There is so much pressure nowadays for recent graduates to get that dream job and pursue a career in the industry in which they studied. Along with this comes the pressure and expectation to settle down into ‘adult life’; buying a house, getting married and having children doesn’t necessarily go to plan the way it did 50 years ago. Having graduated from the University of Surrey a whole year ago I wanted to share my experiences of the past year and show recent graduates that it’s okay to not know what your dream job is and it’s okay to change your plan.
After a week of feeling sorry for myself, the dreaded job hunt began
Although I studied tourism, I graduated not really knowing what kind of job I was looking for. I decided to head to France to do a season on a campsite. This really was the time of my life - working mornings and spending the afternoons learning how to surf and making beach bonfires. This was the perfect ‘break’ from normal life back in the UK to really work out what I wanted to do upon my return. After figuring this out, I secured a job as a travel specialist in meaningful and sustainable travel - a huge interest of mine and another job which I absolutely loved but it was short lived due to Covid-19.
This redundancy left me feeling deflated, similar to how I felt after graduating with no idea what to do. After a week of feeling sorry for myself, the dreaded job hunt began and this led to securing a temporary job at my local Tesco - I really was counting my blessings to obtain a job during a time in which so many others had lost theirs too.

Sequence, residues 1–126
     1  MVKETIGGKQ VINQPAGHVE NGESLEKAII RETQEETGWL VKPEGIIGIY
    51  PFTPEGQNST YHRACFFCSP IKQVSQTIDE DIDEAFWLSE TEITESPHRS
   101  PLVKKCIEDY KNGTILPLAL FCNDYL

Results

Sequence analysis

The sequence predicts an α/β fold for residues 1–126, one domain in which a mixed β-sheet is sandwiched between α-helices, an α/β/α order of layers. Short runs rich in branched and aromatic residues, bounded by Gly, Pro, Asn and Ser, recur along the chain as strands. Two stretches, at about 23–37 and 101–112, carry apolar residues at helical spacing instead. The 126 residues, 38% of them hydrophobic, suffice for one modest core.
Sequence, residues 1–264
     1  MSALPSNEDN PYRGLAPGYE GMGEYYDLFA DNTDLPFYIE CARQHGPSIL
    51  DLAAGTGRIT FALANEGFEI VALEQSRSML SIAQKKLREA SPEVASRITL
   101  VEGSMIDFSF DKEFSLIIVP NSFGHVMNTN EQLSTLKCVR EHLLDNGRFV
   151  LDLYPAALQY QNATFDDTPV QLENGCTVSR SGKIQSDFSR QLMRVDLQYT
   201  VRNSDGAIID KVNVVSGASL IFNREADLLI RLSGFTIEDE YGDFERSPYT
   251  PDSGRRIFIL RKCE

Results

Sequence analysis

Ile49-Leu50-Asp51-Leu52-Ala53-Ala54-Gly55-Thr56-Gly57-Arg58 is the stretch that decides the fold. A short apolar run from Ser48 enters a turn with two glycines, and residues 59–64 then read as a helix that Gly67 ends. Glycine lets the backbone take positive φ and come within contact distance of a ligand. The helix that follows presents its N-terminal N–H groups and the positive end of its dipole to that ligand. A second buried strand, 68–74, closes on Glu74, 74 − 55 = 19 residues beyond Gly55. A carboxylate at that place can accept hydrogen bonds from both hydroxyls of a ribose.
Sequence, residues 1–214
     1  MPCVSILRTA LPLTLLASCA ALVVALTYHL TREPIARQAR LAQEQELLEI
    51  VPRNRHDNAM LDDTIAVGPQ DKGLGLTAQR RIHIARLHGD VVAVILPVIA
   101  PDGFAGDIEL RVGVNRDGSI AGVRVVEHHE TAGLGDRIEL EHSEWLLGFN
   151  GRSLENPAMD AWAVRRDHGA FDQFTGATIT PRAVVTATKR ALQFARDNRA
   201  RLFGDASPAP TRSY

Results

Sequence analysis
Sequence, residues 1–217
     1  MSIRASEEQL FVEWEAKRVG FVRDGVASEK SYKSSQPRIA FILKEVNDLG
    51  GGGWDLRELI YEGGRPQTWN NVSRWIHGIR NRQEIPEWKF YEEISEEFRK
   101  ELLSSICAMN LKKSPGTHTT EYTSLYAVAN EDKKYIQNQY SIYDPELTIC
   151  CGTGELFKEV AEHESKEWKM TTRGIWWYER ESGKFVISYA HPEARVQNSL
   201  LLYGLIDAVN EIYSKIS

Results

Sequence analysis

I am so grateful for the experience and to work alongside such hard working people
Although it wasn’t an anticipated career move, the experience gained working on the checkouts, in the warehouse and also as a personal shopper is invaluable. It was challenging starting a job when so many new rules were coming into play - the two metre distance and limited numbers of customers in the store at one time to name a few. Colleagues were stressed and customers were anxious so it did take some time to adjust to new surroundings. To minimise the amount of people in the store, personal shopping shifts became night shifts which was certainly a challenge! I am so grateful for the experience and to work alongside such hard working people. My utmost respect goes to those that do night shifts full time. When my contract came to an end, the job hunt began yet again.
My advice when job hunting is to see what’s out there - don’t apply to any job going. Find a job which you find interesting and that you have the right skills and abilities for. Understandably with no jobs in travel being advertised, hours researching into different industries left me with two job advertisements to apply for. After spending plenty of time on each application I secured an interview with both, leading me to my current role in the NHS. My point is - job applications take time. There is no need to apply for 50 jobs spending little time on the application. Filter through - find those which really suit you and you are suited to. Take the time to polish your application and spend time preparing for the interview. Persistence is key!
Do what you feel is right, don’t cave into pressure
It is heartbreaking that Covid-19 has had such a devastating impact on the global tourism industry. It is expected that one day in the future travel will boom again but sadly it’s going to
be a long time before job opportunities in travel arise. I am unsure whether I will work in travel again and a year ago I would have never predicted I’d be working for the NHS but I am so proud and overjoyed to have found a stable, enjoyable job during a global pandemic.
My story goes to show that not everything goes to plan for new graduates. Not everything is plain sailing - there are highs and lows and all experience in whatever role is valuable. Do what you feel is right, don’t cave into pressure and have patience because even through a global pandemic, everything will work out in the long run!